More Mayo, More Flavor: 6 Tasty Ways to *Upgrade* Mayonnaise
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Ketchup or Mayo? It’s an age-old question—or at least the most common one you’ll hear when you order fries. Although my love for ketchup is definitely there, I grew up with Kewpie, a Japanese mayonnaise that we slathered it on everything, from toast to salad, especially fruit salad. However, as a home cook, my imagination for mayo’s potential stops at burgers. Untilm, this assignment to discover more potential.
My first discovery? My personal neglect doesn’t stop mayonnaise from being an omni-condiment: It’s hiding as a dip for fried food (if you happen to make our fried chicken), in the spread for an OG club sandwich or my personal favorite Japanese egg sandwich, and a base for salad dressing (most famously ranch dressing). Ruby taught us to spread the outside of our grilled cheese with mayonnaise instead of butter. And don’t forget French Remoulade. Mayo also works, unexpectedly, in cakes, too. As the taste itself is not so pronounced, it holds up various flavors and makes a humble, creamy binding agent.
How to upgrade your mayonnaise
Upgrading your mayonnaise, whether it’s homemade or store-bought, is a fun journey. We’re going to take you a bit further than aioli. These hacks are speedy and easy: For most of the flavors, you only need a spoon or a whisk to mix, but for solid ingredients like capers and anchovies, an immersion mixer or food processor would be a great help.
If you’re game, mayo is actually insanely easy to make at home! Read this article for more about how to make the best homemade mayonnaise, or vegan mayonnaise made from aquafaba aka canned chickpea liquid.
Here are 6 ways to upgrade mayo: Save our infographic to have spicy, fruity, herby, umami mayos on stand-by
Let’s refer to the formula “salt, fat, acid, heat” from food writer Samin Nosrat, as mayo is in fact a type of fat. My approach here was to experiment with the other three elements.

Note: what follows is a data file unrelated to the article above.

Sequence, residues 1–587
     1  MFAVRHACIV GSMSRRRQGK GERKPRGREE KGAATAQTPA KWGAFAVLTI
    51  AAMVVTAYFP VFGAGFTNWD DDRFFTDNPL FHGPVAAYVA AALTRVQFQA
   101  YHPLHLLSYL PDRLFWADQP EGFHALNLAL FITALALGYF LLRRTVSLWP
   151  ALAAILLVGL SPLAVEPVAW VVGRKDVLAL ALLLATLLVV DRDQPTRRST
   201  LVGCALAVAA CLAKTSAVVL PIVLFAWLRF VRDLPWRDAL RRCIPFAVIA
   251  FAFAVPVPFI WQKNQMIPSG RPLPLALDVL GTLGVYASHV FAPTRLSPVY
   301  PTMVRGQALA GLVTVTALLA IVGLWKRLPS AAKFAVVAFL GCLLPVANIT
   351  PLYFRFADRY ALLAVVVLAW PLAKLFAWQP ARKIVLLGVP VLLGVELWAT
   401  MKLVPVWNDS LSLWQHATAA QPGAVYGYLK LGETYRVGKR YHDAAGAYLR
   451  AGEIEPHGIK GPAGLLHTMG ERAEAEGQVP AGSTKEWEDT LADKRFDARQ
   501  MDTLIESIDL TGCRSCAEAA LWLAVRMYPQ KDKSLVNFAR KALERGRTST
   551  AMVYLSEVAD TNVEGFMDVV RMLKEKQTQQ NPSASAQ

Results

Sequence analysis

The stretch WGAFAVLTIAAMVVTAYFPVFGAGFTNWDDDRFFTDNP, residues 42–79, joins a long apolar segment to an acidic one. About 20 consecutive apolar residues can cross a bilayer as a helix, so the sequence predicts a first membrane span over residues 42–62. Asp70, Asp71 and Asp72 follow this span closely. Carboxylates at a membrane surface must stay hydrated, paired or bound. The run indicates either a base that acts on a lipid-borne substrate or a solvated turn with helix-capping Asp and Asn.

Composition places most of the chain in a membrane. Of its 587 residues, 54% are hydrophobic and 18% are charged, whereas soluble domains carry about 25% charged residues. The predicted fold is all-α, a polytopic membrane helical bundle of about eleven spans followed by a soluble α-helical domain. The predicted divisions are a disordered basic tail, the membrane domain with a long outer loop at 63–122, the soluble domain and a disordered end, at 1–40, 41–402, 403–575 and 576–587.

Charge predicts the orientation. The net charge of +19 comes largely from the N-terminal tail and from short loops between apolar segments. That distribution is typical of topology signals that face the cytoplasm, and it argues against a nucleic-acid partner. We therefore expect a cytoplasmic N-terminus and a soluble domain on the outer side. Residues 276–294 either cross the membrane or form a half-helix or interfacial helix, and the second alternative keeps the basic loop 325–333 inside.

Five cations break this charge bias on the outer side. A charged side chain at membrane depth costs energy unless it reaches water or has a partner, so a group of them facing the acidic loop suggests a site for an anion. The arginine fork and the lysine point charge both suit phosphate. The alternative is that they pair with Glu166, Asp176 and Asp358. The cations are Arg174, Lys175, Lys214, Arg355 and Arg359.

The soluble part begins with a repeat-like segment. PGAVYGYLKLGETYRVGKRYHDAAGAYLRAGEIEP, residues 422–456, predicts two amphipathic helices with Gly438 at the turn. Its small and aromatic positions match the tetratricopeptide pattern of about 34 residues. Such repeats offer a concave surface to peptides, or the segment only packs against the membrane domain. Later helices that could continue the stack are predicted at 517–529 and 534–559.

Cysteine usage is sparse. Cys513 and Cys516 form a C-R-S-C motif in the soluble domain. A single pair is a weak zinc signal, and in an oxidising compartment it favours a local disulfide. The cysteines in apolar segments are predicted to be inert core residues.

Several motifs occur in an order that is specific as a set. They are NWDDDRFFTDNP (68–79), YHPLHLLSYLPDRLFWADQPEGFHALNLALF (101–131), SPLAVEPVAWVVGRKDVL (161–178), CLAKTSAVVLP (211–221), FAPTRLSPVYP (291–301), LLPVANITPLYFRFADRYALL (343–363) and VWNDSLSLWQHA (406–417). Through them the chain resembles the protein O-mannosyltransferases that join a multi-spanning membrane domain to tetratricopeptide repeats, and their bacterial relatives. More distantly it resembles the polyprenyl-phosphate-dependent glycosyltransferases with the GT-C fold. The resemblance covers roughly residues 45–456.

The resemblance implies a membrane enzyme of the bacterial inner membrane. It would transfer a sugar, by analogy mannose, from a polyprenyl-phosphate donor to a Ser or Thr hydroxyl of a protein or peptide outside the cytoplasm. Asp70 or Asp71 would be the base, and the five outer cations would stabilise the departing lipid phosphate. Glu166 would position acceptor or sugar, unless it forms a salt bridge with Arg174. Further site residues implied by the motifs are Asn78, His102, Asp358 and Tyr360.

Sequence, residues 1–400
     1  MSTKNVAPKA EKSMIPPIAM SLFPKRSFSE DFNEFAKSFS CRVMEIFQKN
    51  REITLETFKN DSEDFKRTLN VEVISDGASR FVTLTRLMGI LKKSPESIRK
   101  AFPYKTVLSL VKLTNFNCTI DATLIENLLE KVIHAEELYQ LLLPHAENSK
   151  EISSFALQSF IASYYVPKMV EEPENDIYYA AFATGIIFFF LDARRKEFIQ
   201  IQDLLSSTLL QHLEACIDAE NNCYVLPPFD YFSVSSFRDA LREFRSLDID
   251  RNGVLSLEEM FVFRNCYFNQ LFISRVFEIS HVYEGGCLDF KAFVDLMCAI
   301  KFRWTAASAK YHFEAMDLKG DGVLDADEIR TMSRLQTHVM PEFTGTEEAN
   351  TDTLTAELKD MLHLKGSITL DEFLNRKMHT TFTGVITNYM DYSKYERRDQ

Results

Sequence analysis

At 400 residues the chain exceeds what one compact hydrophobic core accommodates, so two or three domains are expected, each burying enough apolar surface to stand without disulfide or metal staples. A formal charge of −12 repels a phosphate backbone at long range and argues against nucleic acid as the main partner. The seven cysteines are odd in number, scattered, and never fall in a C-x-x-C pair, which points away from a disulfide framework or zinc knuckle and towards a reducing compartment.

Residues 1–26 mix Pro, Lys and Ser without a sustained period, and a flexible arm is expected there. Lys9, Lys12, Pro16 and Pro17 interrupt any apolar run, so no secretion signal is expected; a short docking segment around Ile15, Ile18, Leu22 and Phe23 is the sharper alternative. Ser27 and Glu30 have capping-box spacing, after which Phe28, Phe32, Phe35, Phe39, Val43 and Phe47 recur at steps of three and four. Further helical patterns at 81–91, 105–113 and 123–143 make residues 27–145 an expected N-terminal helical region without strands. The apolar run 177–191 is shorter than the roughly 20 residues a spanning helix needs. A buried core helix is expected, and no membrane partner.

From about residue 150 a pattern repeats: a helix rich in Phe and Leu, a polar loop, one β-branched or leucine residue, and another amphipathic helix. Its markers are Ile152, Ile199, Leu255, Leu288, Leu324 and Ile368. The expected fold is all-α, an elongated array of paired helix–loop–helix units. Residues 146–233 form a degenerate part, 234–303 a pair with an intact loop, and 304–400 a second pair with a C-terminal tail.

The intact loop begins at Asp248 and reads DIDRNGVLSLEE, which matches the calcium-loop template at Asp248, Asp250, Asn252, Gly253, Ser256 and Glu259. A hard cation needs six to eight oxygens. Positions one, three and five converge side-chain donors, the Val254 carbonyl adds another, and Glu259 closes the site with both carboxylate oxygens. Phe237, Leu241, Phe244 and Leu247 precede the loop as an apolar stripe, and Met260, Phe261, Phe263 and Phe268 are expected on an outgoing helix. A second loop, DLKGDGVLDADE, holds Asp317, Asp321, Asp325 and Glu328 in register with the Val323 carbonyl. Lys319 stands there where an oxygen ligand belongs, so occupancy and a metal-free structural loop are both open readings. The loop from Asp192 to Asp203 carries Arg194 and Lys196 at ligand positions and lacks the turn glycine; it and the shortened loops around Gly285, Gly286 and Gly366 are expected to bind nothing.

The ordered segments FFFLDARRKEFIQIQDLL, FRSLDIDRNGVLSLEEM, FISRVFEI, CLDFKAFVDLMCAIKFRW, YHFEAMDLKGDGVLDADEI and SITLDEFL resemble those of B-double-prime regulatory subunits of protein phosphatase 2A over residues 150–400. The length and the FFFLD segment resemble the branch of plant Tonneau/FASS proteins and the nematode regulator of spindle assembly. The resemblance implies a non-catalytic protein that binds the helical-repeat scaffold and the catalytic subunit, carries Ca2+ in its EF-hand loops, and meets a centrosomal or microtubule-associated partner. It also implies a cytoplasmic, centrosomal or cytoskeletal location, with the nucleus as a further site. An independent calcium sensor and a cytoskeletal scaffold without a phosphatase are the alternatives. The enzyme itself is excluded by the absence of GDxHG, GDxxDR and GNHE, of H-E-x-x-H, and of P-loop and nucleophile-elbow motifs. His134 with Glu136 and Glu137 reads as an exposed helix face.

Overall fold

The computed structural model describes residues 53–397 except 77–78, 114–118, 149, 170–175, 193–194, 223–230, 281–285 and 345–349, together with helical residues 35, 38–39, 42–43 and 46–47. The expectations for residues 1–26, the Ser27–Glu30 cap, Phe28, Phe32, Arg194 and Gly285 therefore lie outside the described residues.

Let’s start with the heat. One thing that works great with mayonnaise is some spiciness Sriracha mayo was (or still is) a thing—the Flying Goose brand even has a pre-mixed Sriracha mayonnaise. The good news is, almost all spicy condiments match mayonnaise. For more pungent hot sauces like tabasco, add some sweetness to balance it; for those that already have a hint of sweetness, like Sriracha and gochujang, citrus juice (I prefer lime) will add a fresh and bright touch.
More hot ideas: sambal oelek, chipotle (powder or adobo sauce), Jalapeno pepper, wasabi, horseradish, kimchi.
Salty, umami mayo
Salty ingredients lift up mayonnaise, too. We’re talking about ingredients that are not salt itself, but miso paste, soy sauce or anchovies, which add a splash of umami. This kind of mayo works great for grilled food and salad.
Chopped fresh herbs are no stranger to mayonnaise, proven by much-loved ranch dressing. I would just go for what I have in the fridge: fresh herbs like basil, dill, parsley or chives work especially well. Adding some acid, for example buttermilk, or yogurt thins out the texture, which makes it perfect to drizzle on salad. Herby mayonnaise is a nice match with potato salad, grilled fish, and vegetables. I haven’t tried it myself, but word is that basting mayonnaise on fish or vegetables before cooking helps create a creamy layer that sticks better than other fat.
Other ways to fancy up your mayonnaise
Ruby suggested trying a bold fruity version, which was (un)surprisingly great! Using grapefruit added a bright, fruity taste that I could imagine pairing with deep-fried goodness like chicken nuggets and wings. You can also add avocado to mayo to make it even creamier. Or truffle oil, which is your pantry fast-track to fancy.
Ever upgraded mayo—or have we given you new inspiration? Let us know in the comments!
Published on June 4, 2021